Monday, September 10, 2018

I've started two new Baker City blogs

After having pretty much abandoned this blog almost 5 years ago, I've started two almost identical new blogs about Baker City, Oregon.

They will cover some of the problems people, especially poor people, face while trying to live in Baker City. 

On the odd chance anyone visits this page, you can find the blogs at these links:



Baker City Blog

I may use this blog for blurbs like the following, which may also be found on the other blogs:



I was listening to The Ralph Nader Radio Hour this last weekend and one of Ralph's guests was Rosemary Gibson, "Senior Advisor at The Hastings Center, which is the world’s first bioethics research institute, and she is an editor for the Journal of the American Medical Association." She was on to discuss her recent book, “China RX: Exposing the Risks for America’s Dependence on China for Medicine,” about the unsettling fact that the manufacture of the vast majority of the prescription drugs taken by Americans has been taken over by China.

You may recall that this is similar to China now having almost cornered the market on rare earth elements that are used in electronics for everything from cell phones to renewable energy to military applications. After helping to drive it into bankruptcy, a Chinese consortium purchased Americas largest rare earths mine, the Mountain Pass Mine near Las Vegas, Nevada in 2017, leaving us more dependent on China for these elements.

I'm not beating a drum against China though. Government intervention could have saved both the rare earths mine and the American drug manufacturing industry, but money was apparently more important than national security.

From the Ralph Nader Radio Hour web site :

“There was country of origin labeling legislation put forward about ten years ago, but it was immediately killed. And when I asked an industry person to describe why that happened, this person said, “Well, the industry probably thought it wouldn’t be good for their customers to know where their medicines are being made.” And that’s because in a poll from the Pew Trust, only 6% of Americans trust medicines made in China. So, companies have good reason to hide it.” Rosemary Gibson, author of “China Rx: Exposing the Risk of America’s Dependence on China for Medicine.”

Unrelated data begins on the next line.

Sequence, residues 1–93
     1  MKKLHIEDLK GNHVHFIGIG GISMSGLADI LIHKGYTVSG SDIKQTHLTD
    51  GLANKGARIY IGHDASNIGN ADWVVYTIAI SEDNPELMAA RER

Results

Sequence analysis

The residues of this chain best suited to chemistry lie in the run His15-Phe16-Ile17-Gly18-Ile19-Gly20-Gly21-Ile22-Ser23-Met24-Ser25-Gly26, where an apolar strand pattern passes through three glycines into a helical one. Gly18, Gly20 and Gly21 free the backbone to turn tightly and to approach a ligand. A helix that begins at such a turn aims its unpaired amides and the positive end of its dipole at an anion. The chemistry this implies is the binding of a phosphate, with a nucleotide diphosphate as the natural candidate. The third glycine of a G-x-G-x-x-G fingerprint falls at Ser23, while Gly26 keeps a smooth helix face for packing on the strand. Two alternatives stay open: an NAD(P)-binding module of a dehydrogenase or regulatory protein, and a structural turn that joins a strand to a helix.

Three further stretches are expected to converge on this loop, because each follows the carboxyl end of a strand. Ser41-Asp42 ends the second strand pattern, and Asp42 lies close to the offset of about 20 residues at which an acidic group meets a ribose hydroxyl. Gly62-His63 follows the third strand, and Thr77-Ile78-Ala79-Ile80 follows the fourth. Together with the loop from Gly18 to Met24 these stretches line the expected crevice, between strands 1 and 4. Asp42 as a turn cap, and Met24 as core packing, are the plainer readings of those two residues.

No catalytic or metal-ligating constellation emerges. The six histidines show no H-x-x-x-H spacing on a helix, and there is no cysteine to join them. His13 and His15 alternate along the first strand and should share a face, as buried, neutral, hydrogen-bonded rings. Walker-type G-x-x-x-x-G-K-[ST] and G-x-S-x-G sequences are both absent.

You can listen to or download download the Nader China Rx podcast by clicking this link and scrolling down the page.

Publisher's description:
About China Rx

Millions of Americans are taking prescription drugs made in China and don’t know it–and pharmaceutical companies are not eager to tell them. This is a disturbing, well-researched wake-up call for improving the current system of drug supply and manufacturing.

 Several decades ago, penicillin, vitamin C, and many other prescription and over-the-counter products were manufactured in the United States. But with the rise of globalization, antibiotics, antidepressants, birth control pills, blood pressure medicines, cancer drugs, among many others are made in China and sold in the United States. 

China’s biggest impact on the US drug supply is making essential ingredients for thousands of medicines found in American homes and used in hospital intensive care units and operating rooms. 

The authors convincingly argue that there are at least two major problems with this scenario. First, it is inherently risky for the United States to become dependent on any one country as a source for vital medicines, especially given the uncertainties of geopolitics. For example, if an altercation in the South China Sea causes military personnel to be wounded, doctors may rely upon medicines with essential ingredients made by the adversary. Second, lapses in safety standards and quality control in Chinese manufacturing are a risk. Citing the concerns of FDA officials and insiders within the pharmaceutical industry, the authors document incidents of illness and death caused by contaminated medications that prompted reform. 

This probing book examines the implications of our reliance on China on the quality and availability of vital medicines.

You can watch the C-SPAN presentation here.